Tree-vandals and a Reward

vandalized tree in Golden Gate Park - photo Richmondsfblog

Click here for report in RichmondSFBlog

San Francisco apparently has vandals that hate trees.

This is not the casual vandalism of drunk teenagers mowing down a tree because it’s in there, or a car reversing into a sapling. This is deliberate destruction of young trees in Golden Gate Park and elsewhere.  According to a report in the San Francisco Chronicle:

” It all started in September, when crews found 28 damaged trees in San Francisco’s Golden Gate Park, many broken beyond saving. Crews noted the suspicious, almost meticulous nature of the damages. The 3-year-old trees were part of a reforestation plot near La Playa and Fulton streets, and every one of them had been attacked.”

The report goes on to say that over 200 trees have been destroyed since September, according to Eric Andersen, Golden Gate Park manager. It goes on to explain that most of the killed trees are Monterey Pine and Monterey Cypress, and quote Andersen’s description of the damage:

“What they’ve done is gone through each of these areas in each of these instances and basically snapped off the top of the tree,” Andersen said. “They’ll go through and do every tree, in a very thorough and damaging way. It’s really malicious, and very thorough, and very methodical.”

This isn’t the first time it’s happened. There were reports of tree-vandals back in 2010, when 44 trees were destroyed. At the time, no one was caught, and a corporate sponsor offered to replace the trees. According to the RichmondSF blog, Chase paid $30,000.


San Francisco Forest Alliance would like to help stop this despicable activity. We’re pledging a $1000 reward for the arrest and conviction of the vandal/s.  We have sent the letter below to Eric Anderson:

Dear Mr. Andersen:

The San Francisco Forest Alliance was disturbed to hear about the destruction of hundreds of young trees in Golden Gate Park and the surrounding areas. Our city already has one of the smallest urban forest canopies in the country, and we support initiatives that would expand this, especially in this time of climate change. As it is, our trees are under threat from native plant supporters who wish to fell thousands of trees because they’re not native. A lot of trees have actually been killed. On Mount Davidson and elsewhere in the city, trees have been girdled and left to die for this very reason.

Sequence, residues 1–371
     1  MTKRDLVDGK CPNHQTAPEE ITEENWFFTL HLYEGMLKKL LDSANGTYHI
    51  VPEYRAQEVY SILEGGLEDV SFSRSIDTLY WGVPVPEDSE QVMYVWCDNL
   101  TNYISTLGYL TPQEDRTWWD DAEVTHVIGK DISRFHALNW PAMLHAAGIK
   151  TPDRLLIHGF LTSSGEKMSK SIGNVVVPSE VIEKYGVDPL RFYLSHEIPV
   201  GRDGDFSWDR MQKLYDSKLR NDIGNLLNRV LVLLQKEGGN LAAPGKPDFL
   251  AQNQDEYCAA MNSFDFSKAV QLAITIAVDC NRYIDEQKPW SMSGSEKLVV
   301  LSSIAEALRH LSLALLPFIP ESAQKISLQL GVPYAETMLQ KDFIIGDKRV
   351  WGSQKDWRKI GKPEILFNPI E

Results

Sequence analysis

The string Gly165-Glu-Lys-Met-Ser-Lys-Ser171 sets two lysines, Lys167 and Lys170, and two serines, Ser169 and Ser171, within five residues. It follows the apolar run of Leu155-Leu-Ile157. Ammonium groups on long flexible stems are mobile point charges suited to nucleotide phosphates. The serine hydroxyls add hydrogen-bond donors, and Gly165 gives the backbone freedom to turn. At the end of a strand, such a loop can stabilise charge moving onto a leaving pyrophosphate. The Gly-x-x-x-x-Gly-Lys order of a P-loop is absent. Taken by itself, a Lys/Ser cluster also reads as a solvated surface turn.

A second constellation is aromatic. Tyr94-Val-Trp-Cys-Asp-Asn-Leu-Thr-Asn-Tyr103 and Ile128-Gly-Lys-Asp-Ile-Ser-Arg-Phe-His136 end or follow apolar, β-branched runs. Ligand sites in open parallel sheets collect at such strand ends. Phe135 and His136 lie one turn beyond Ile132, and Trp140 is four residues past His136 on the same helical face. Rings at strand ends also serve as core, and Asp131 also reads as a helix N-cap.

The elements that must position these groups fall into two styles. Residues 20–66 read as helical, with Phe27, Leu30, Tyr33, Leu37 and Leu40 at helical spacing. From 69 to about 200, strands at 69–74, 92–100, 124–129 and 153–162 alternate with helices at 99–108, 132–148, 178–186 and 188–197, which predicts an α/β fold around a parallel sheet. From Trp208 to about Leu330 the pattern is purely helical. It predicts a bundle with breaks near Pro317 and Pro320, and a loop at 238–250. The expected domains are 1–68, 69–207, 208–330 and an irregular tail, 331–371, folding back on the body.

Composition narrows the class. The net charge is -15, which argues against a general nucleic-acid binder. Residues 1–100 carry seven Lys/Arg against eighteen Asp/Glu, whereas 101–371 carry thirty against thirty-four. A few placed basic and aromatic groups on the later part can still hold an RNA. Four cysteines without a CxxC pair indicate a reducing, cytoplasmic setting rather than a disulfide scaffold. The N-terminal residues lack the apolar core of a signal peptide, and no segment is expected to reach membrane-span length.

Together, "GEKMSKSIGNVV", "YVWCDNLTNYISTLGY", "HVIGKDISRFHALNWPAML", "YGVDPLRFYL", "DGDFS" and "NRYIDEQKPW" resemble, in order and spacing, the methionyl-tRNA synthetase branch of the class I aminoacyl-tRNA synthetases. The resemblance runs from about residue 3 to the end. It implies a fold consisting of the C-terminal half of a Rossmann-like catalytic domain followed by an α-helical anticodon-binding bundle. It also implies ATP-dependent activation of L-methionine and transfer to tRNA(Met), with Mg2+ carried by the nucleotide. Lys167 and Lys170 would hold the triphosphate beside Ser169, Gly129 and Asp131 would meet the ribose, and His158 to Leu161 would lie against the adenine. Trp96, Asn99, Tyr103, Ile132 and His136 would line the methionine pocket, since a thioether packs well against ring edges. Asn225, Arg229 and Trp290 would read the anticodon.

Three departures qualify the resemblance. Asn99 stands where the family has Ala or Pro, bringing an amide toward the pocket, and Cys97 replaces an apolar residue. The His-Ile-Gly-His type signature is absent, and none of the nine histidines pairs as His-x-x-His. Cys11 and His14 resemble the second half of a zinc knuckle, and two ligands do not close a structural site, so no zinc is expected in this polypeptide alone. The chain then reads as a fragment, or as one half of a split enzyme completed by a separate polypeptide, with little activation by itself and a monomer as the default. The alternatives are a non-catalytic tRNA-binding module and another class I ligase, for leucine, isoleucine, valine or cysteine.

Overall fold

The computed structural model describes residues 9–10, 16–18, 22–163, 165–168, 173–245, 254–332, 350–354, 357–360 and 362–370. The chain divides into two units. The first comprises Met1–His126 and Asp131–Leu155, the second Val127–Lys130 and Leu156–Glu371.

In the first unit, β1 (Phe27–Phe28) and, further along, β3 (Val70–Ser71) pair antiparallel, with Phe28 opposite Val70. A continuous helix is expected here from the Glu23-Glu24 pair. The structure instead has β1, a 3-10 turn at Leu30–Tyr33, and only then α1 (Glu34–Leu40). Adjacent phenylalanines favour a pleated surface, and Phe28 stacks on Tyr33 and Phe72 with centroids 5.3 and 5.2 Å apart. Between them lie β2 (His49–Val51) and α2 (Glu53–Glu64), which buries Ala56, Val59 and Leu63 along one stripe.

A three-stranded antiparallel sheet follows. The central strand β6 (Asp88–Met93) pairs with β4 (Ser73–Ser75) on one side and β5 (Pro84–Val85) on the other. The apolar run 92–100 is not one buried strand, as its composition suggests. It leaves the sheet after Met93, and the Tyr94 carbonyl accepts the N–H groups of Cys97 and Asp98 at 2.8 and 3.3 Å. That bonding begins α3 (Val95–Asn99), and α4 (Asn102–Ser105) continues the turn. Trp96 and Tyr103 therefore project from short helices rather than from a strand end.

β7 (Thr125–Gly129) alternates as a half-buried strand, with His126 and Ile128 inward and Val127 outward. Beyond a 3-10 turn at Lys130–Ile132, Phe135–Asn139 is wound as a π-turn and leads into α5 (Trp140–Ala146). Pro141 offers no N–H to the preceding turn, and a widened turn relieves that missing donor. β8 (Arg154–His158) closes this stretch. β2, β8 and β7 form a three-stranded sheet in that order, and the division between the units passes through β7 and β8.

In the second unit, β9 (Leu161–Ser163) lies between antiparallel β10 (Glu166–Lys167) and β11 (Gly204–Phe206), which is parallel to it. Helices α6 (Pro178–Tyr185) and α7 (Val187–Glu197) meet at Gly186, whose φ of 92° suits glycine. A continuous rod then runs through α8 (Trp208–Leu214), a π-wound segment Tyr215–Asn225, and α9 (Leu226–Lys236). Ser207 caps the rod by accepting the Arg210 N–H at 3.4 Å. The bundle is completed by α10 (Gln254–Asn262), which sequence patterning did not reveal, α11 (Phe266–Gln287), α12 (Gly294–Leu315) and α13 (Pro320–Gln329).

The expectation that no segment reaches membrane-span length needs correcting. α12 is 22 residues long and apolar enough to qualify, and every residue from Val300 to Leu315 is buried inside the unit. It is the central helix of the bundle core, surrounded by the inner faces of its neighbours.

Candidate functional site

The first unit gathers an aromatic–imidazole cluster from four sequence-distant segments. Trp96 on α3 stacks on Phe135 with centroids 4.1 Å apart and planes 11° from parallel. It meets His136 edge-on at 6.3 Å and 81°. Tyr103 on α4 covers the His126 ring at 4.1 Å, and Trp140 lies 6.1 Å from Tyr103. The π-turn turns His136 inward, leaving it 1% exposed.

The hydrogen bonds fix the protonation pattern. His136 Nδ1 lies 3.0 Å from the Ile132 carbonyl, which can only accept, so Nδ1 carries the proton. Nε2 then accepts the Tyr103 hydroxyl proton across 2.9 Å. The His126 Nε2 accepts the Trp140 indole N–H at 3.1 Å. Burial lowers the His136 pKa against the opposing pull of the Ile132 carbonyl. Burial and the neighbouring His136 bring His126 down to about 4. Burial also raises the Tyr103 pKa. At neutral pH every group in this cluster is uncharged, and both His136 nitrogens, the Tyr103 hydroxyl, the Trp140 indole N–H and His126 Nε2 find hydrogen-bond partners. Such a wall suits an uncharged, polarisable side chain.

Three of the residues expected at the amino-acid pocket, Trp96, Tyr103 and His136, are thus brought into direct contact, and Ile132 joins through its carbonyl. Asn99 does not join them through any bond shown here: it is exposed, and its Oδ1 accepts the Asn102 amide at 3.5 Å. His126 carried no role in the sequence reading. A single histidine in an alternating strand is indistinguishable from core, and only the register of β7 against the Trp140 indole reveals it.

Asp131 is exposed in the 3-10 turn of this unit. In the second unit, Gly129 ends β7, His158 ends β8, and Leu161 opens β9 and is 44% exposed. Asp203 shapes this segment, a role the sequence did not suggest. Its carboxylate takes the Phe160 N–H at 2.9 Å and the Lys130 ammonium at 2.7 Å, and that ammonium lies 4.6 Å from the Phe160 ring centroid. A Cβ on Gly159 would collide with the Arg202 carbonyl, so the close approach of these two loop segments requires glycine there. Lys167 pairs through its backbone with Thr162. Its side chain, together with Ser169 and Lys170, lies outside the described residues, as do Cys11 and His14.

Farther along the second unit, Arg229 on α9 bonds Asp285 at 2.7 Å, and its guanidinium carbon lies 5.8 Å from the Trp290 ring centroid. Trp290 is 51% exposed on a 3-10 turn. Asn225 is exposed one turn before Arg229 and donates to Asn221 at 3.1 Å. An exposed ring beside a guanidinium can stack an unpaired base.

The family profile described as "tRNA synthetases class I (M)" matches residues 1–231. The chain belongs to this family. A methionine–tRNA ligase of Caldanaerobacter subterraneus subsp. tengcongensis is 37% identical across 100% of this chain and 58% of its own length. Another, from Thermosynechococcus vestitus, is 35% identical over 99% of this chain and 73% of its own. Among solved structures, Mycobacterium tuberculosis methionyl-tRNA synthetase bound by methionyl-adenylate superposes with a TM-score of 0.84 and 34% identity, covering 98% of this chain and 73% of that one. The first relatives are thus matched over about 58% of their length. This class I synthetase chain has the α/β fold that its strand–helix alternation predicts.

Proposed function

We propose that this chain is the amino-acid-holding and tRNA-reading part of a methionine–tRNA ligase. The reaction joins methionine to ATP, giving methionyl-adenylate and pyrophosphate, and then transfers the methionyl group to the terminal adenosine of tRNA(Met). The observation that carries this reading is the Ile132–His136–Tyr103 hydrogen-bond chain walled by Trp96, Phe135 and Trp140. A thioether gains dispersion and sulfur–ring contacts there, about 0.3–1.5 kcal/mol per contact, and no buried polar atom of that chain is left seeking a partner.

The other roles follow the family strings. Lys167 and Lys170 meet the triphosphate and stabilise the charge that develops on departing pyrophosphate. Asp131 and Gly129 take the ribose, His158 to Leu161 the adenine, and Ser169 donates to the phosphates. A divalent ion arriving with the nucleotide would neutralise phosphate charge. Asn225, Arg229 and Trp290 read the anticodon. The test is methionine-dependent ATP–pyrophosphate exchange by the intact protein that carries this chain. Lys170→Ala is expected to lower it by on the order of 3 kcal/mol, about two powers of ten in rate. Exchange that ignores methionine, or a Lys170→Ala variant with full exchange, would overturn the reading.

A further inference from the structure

Our organization wishes to pledge a sum of $1,000 as a reward to be disbursed by the San Francisco Police Department as they see fit for information that leads to the arrest of people who committed these recent crimes. We call on other environmental organizations to match our pledge in the hope that the vandals can be found and stopped.

Please let us know if there if there is anything we may do to further assist you with this incident.

San Francisco Forest Alliance

We ask other environmental organizations to add their own pledges. Perhaps if the reward is attractive enough, someone will come forward with information.


We have come across tree vandalism before, but that was with Native Plant supporters girdling mature trees to kill them. It happened in a number of Natural Areas, including Bayview Hill and Mount Davidson. Someone also reported broken-off trees in Glen Canyon Park.

A few days ago, someone discovered more girdled trees on the north-eastern edge of Mount Davidson, in the vicinity of the slash in the mountain made to install the new water-pipe. These are not recent, but we think they may have been made within the last 5 years.  We have been told that the Native Plant supporters are no longer doing this. We hope that is true.

Girdled tree Mount Davidson